• Geographically distributed environments: Large enterprises will span multiple geographical locations and multiple eG managers – one per location – may be preferred so as to reduce the bandwidth involved in communicating all the measurements to a central console. In this case, a common support organization may be involved, thereby necessitating a management console that consolidates the status across the individual eG managers.

The eG SuperManager is a central entity that integrates with multiple eG managers and provides a consolidated view of the infrastructure being monitored by each of the managers. Figure 14 depicts how the eG SuperManager works.

Figure 14 : How the eG SuperManager works

The salient features of the eG SuperManager are discussed hereunder:

  • HTTP/HTTPS communication between the eG SuperManager and eG Manager:

    When it is configured, the eG SuperManager is provided with the details of the individual managers that are reporting to it. Periodically, the eG SuperManager polls the individual eG managers at a pre-defined interval, collects status information from them, consolidates the information, and provides it to users. All communication between the eG SuperManager and the individual managers happen over HTTP/HTTPS.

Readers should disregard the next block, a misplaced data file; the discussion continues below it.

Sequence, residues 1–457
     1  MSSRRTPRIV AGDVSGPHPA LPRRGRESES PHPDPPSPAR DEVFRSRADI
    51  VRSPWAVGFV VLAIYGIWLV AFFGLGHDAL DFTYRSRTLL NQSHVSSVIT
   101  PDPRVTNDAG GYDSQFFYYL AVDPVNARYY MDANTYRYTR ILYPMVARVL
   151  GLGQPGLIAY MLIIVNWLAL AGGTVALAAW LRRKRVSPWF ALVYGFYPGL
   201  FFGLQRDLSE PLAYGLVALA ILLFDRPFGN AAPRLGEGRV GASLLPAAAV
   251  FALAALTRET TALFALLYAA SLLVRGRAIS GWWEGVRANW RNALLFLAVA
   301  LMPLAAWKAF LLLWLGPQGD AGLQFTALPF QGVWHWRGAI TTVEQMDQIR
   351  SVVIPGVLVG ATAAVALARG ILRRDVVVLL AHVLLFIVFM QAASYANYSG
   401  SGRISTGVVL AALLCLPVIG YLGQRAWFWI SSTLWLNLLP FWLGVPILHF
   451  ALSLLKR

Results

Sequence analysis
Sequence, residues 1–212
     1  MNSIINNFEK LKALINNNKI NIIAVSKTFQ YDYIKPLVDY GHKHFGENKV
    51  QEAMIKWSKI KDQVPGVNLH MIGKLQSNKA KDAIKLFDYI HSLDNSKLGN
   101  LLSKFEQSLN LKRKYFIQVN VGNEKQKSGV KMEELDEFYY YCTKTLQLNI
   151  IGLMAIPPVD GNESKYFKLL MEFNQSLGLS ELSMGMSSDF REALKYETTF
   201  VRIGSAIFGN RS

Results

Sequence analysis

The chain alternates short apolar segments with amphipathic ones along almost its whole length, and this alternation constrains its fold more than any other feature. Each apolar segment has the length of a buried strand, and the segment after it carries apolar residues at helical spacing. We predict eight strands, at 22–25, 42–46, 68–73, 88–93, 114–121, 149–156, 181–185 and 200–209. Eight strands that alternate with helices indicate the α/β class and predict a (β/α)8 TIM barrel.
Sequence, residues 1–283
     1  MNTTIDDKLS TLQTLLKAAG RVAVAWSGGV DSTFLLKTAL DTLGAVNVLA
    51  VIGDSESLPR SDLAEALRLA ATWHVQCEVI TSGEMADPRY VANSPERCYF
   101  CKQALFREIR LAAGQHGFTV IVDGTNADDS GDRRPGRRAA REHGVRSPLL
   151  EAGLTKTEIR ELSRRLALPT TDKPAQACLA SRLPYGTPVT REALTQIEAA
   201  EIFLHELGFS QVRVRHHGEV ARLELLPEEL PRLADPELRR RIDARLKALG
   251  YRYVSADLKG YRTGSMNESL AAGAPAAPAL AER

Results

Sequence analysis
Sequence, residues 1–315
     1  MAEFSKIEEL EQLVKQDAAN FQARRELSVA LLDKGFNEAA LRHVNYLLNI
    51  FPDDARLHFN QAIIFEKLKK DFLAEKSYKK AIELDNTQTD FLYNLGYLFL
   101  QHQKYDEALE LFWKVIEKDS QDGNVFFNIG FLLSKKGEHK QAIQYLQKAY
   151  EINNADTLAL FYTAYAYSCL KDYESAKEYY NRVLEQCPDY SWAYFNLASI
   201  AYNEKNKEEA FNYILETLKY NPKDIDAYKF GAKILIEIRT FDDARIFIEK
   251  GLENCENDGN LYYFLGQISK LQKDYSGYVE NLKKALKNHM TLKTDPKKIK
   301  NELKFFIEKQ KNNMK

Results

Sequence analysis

The SuperManager initiates all communication with each of eG managers in its control. Therefore, if a firewall exists between the managers and the SuperManager, this firewall should be configured to allow connections initiated by the SuperManager to the individual managers (see Figure 15).

    Also, when a user who logs into the eG SuperManager interface clicks on an alarm in the current alarms window, or the manager name in the home page, he/she would be redirected to the corresponding manager's console wherein further diagnosis can be performed. To facilitate this, network connectivity should be provided such that all users have direct connectivity not only to the SuperManager but also to the individual managers (see Figure 15).

    Figure 15 : Remote host accessing the SuperManager and individual managers

  • Configured to work in NATed Environment:

    In many large environments, there may be multiple demilitarized zones, with firewalls between the eG SuperManager and the eG managers. The geographic locations of the SuperManager and the eG managers may also be different. In such cases, the eG SuperManager cannot be accessed using a private IP address. For the eG SuperManager to be accessed externally by the eG managers, network address translation can be setup so that the eG SuperManager is accessed over the internet using a public IP address.